Sharks in Vancouver Harbour
By Glen Dennison
Infrequently, divers in Howe Sound were reporting encounters with the Bluntnose Sixgill Shark (Hexanchus griseus). Several of our dive team members had seen one. So, the question kept coming up, were these transient sharks transiting from Puget Sound? We understood that studies from the Seattle Aquarium had found that these sharks migrate to the north end of the Salish Sea and back, but why did we keep finding them in Howe Sound? Hence the question: Do we have a local, year-round population of Sixgill Sharks?
It was a big question and one I pondered for a while. We needed partners, and to that end I reached out to one of our industrial partners, Aquatica Submarines, but we still needed a shark expert to help us. For our second partner I asked international shark expert, Professor Dr. Chris Harvey-Clark from the east coast at Dalhousie University in Halifax. Now, Dr. Harvey-Clark relishes these types of expeditions and when I asked him if he would like to come out and dive in a submersible looking for sharks, he was ‘in’ immediately.
The plan was then formulated by the team: we would mark an area near Passage Island in about 375ft of ocean water, drop a marker float and go to work. Next, we set out pieces of chum to bait the water for several days, then prepared and took the ‘Stingray’ submersible into the depths starting late in the afternoon. To document part of the dive, four members from our SCUBA photo team dropped down to 70ft before the submersible descended and filmed the sub falling into the dark depths. This was the first time I put my divers into the local waters with a concern about sharks and diver safety. Down the Stingray sub went, right to the bottom, stopping very carefully on a gently sloping sandy/muddy bottom. And there we waited.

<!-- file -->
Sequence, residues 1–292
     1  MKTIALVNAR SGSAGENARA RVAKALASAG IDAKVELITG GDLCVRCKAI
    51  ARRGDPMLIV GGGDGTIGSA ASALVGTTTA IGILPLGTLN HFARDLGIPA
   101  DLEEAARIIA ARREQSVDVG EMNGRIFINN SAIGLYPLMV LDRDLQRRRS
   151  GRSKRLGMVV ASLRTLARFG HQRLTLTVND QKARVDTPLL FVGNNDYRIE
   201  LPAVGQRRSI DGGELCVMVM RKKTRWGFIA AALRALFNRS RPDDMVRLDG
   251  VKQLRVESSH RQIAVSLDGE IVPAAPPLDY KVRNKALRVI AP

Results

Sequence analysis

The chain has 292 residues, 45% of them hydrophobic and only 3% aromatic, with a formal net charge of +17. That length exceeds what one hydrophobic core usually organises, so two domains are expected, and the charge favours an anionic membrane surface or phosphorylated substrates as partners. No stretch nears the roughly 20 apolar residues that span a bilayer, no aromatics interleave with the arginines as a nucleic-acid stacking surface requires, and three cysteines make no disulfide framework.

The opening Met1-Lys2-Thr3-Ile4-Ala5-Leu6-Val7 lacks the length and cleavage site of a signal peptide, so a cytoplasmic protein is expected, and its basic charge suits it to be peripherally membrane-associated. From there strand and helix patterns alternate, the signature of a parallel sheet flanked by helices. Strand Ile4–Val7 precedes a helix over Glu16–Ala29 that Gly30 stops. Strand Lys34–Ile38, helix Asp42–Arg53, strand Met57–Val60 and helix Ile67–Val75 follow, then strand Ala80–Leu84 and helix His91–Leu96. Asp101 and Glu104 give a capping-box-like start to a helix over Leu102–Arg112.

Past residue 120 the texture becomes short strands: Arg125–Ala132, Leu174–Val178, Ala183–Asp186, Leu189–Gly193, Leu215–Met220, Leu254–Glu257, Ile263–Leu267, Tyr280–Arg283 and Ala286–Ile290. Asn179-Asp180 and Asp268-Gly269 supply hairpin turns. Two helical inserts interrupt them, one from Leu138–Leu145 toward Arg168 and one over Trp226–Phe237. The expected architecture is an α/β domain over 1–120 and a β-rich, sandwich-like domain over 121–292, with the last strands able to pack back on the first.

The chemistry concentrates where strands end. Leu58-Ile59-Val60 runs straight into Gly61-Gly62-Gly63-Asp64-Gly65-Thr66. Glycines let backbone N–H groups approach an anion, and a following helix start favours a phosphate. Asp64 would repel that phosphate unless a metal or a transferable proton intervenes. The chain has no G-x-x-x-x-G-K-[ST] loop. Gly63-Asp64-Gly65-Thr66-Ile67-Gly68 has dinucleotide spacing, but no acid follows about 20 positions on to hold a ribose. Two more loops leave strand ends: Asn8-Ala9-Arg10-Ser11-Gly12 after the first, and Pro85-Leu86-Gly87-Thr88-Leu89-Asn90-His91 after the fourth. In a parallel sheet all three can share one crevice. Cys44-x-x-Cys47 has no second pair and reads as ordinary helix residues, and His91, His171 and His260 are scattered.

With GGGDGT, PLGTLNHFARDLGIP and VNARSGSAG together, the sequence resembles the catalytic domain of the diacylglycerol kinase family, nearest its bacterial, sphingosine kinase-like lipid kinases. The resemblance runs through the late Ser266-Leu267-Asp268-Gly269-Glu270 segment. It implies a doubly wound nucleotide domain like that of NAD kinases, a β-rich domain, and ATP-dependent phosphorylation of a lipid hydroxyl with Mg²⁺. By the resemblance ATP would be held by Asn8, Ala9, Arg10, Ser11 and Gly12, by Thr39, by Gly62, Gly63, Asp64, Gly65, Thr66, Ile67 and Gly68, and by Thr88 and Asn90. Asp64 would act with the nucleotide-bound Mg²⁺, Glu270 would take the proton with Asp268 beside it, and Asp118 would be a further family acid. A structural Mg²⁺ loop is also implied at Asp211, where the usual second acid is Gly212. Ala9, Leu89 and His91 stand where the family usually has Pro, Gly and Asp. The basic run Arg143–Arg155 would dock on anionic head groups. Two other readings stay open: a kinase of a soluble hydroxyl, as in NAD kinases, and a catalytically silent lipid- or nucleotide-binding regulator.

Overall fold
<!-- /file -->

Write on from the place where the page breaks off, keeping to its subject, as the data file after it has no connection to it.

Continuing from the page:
To our delight we had an endless procession of marine life parade past our upper-world bubble. Squid by the thousand, Spiny Dogfish sharks and ratfish, roamed the depths. Baby octopuses were so curious that they attached themselves to the acrylic bubble giving us an aquarium-type view, except this time we were in the tank looking out. The hours paced by with light chatter amongst us and an entertaining commentary on the sea life by Dr. Harvey-Clark. The wee hours of the morning were close. Topside both the Aquatica support vessel and the Skyliner lay tethered to the bottom by a deep-water mooring and were closely monitoring us.
Back at the bottom, a hitch-hiking Quillback Rockfish (Sebastes maliger) dropped in for a visit and prostrated himself in the carrier basket near the back of the upper section of the pressure hull. Looking in at us, he was near eye-level and close enough we could have touched him, except for the hull barrier between us. Hours later, the submarine lurched a few times, with bumps coming from the stern. Having no direct view or cameras back there, the cause was a mystery. Again, hours went by and I was becoming slightly drowsy. I wondered if we had missed a puzzle piece in finding sharks. It was about that time, with my head in my hand, near the clear bubble, that I noticed a moving grey wall right next to me. It was a large shark right outside the hull – inches from my head. That definitely woke me up! We did it! We had sharks outside the hull. This shark swam away without much fanfare, but we had more excitement to come. Shortly, a second, small juvenile appeared out of the darkness and into our lights. This was an important encounter and observation as this shark was too small to have transited into the area all the way from Puget Sound. It must have been locally born.
Next, we had a small male shark drop in for an extended visit, fully displaying himself with multiple swim-pasts and investigations into the lower rigging of the sub. Our shark-search project was a success! Dawn was coming soon, and nine hours after locking down the hatch, we headed for the surface.
Our experiment demonstrated that it was possible to discovery Sixgill Shark in our coastal waters. Our prize-in-hand was hours of video from the depths of Howe Sound – a world very few get to see – and even fewer who get to spend a long night in complete darkness. We had drawn in the Sixgill Shark almost on demand and had proven, without a doubt, that the animal was present in Vancouver waters. Many more questions have been generated by this project, but now the door is open for further research into this reclusive and mysterious shark.
As a result of this expedition, a joint-authored paper was generated in Sea Technology magazine: https://mlssbc.com/wp-content/uploads/2021/03/theurbanshark-by-chris-harvey-clark-and-glen-dennison-1.pdf
Watch the exciting Sixgill shark video footage below:
What are Sixgill sharks? https://www.seattleaquarium.org/blog/what-are-sixgill-sharks